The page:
After wasting the next couple of hours searching for ghosts in the machine and trying every timer job trick I’ve ever come across, it finally dawned on me to check the SQL server itself. You see, I got to thinking what had changed that would stop the backups from working, which got me to double-checking that all the patches I ran the previous day had, indeed, installed correctly, right up to the December cumulative update. That’s when it hit me – was it possible, just maybe, that something in one of the SharePoint patches was dependent upon a certain patch level of SQL 2005? After all, every patch we’ve received so far has managed to break something important (SPD workflows after SP1, anyone? How ’bout the lovely API changes in the Infrastructure Update? Oh, you wanted AAM’s to work with reverse proxies after the August patches? How ridiculous.) so it stood to reason that someone had never bothered to tell us that some line of code they "fixed" needed another "fix" that someone on the SQL team thought was really, really important.

And that’s when I found it. The development SQL database hadn’t been patched at all – not ever. Not one tiny hotfix. And here we are at SQL 2008 with three service packs under our belt for the previous version. Naturally, this meant a big fat download and a ton of time watching a crawling status bar would be the highlight of the rest of my afternoon as we all know how quick and efficient SQL service pack installations are. So much for an early dinner.

After the patch, I was finally able to complete the backup set. Luckily, someone did have the presence of mind to patch the production database in advance, so I didn’t have to repeat that little adventure. But, of course, the tale couldn’t end there, as the restore process had it’s own set of hurdles to put in my path. First, of course, is the fabulous requirement to use UNC mappings for backup and restore locations. This is because, whether you realize it or not, a good portion of the backup/restore work is actually done on the SQL server itself, which needs to be able to access the directory the backup files are in (which is why a local mapping on the WFE or App server would never work). But that inevitably leads to all sorts of permission issues, especially if some GENIUS decides to run the SQL service under the LOCAL SYSTEM account. Does this security principal have permissions to access network resources like the lovely UNC share we just created? Of course not! That would just be silly. So now I have to store the backup files in a local directory on my production SQL box (and share them for good measure so the WFE’s can see them) which goes against just about every good security practice I can possibly think of.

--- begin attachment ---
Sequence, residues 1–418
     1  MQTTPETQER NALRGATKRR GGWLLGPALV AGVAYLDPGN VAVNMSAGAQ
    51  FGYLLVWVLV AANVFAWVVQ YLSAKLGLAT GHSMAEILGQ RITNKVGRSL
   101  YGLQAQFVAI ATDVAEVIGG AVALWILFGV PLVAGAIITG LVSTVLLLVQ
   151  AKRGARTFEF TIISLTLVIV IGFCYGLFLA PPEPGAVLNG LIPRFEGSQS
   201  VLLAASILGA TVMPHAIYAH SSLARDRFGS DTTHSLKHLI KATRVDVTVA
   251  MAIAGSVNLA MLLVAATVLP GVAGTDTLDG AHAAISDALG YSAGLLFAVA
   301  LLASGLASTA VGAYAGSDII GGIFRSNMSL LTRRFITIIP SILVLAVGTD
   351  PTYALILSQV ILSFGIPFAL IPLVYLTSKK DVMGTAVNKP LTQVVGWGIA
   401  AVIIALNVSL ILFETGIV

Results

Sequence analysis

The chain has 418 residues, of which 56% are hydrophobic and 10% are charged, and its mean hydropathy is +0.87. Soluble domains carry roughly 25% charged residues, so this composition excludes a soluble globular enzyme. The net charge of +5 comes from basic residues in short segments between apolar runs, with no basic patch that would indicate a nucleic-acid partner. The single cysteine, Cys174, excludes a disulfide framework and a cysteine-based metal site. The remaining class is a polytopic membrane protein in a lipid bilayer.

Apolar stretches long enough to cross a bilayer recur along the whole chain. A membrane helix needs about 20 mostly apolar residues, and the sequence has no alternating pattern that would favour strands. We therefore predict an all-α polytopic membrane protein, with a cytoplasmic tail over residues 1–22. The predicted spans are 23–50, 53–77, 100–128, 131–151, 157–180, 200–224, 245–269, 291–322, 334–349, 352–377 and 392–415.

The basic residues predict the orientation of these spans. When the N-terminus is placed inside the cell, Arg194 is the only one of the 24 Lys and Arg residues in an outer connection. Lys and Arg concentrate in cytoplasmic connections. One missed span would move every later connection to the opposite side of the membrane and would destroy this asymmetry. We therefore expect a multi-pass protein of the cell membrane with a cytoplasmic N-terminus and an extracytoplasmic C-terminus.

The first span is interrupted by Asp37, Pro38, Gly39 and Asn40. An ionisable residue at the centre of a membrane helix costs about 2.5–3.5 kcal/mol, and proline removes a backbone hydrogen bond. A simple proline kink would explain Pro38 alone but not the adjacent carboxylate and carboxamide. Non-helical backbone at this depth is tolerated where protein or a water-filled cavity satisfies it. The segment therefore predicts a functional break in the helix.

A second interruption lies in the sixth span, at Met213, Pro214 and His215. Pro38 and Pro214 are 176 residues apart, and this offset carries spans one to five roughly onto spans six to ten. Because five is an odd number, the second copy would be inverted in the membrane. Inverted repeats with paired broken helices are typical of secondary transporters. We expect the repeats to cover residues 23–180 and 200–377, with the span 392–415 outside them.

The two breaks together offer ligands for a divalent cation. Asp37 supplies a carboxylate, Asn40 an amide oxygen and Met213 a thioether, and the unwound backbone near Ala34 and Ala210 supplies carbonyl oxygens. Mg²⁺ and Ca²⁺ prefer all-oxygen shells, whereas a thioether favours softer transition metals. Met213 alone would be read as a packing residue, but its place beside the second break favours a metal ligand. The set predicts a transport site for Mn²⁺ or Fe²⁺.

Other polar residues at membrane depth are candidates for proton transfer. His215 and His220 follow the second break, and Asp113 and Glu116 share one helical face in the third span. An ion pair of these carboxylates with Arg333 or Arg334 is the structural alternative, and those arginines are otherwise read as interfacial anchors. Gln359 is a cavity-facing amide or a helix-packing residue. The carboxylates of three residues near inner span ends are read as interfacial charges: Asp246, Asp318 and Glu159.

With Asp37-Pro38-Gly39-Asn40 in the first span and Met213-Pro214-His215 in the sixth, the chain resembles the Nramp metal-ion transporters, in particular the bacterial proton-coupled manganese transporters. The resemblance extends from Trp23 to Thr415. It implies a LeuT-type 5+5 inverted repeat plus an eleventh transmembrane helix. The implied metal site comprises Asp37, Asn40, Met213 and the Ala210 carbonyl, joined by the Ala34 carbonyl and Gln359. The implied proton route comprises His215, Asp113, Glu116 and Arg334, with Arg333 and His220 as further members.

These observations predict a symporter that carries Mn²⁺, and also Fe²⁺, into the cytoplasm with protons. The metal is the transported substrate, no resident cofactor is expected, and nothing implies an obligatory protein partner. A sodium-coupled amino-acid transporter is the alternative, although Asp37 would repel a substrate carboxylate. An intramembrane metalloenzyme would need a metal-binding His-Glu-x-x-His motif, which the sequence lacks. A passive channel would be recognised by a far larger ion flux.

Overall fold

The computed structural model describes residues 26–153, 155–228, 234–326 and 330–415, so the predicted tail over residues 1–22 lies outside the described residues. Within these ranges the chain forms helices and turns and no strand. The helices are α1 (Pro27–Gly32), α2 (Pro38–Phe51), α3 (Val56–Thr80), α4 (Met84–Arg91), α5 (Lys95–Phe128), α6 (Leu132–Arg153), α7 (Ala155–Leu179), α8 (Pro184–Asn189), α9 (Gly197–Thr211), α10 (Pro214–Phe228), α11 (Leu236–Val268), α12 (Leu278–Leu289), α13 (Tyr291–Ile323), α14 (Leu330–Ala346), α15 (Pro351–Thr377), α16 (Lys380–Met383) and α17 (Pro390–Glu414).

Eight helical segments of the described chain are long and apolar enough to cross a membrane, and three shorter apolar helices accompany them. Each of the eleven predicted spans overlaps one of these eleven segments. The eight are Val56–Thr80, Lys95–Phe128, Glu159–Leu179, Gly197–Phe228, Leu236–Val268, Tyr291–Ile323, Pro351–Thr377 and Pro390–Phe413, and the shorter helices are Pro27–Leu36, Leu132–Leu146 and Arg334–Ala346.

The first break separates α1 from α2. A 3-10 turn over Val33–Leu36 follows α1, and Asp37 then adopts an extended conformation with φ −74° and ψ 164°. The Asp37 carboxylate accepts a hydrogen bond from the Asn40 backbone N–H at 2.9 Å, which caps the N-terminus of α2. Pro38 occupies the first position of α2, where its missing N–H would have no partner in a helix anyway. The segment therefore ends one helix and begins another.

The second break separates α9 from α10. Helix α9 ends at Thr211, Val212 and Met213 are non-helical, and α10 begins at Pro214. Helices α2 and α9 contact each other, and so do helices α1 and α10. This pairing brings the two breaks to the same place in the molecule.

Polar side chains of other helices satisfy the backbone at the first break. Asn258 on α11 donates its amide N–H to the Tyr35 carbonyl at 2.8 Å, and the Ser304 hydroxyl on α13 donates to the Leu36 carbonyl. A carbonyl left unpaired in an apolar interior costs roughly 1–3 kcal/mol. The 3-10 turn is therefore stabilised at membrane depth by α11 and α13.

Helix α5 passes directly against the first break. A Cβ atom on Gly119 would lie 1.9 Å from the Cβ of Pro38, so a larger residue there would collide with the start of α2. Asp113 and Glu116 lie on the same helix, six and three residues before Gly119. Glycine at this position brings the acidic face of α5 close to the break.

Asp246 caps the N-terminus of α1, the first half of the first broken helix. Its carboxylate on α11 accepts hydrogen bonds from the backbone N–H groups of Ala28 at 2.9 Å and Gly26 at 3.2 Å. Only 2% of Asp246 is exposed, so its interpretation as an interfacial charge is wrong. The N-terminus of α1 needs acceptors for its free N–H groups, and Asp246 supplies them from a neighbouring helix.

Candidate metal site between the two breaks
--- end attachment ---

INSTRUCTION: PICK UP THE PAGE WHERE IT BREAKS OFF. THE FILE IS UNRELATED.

I cringe when I have to remote into a production SQL box for anything but I especially hate it when a half-dozen people are standing around watching. Not because I’m going to break anything (although that’s always a possibility) but because they will then think they can do it without breaking anything. That’s just asking for bad things to happen. But be that as it may, I was finally able to complete the restore process and get the production machines up and going. The internal team still had thousands of list items to migrate but that was their job – my work was done and I could finally have a well-deserved drink (good thing the hotel bar has a decent selection of Scotch).

The moral of this story, of course, is keep those servers patched! You may not ever think about a dependency between patch levels on different pieces of your architecture but it’s a very real issue, as I hope I’ve demonstrated adequately. Your SQL servers must be on at least SP2 (if you’re running SQL 2005) if your MOSS level is SP1 or higher for everything to work right. And don’t assume the network or server people are on top of it – chances are they think SharePoint is your problem and you should be responsible for every piece of that puzzle. And please follow best practices for installing everything – don’t let the DBA’s convince you that it’s just peachy to run SQL as a local account (I guarantee it will bite you in the arse at some point, as I also discovered this week when I encountered a customer who installed a single-box solution and failed to document the ‘sa’ password for a SQL Express instance that was also running under LOCAL SYSTEM).

So ends my sordid tale for this fine holiday. And a Happy Valentine’s Day to you. Now where’s that Cupid guy with my heart-shaped box containing a dozen Padron Serie 1926’s?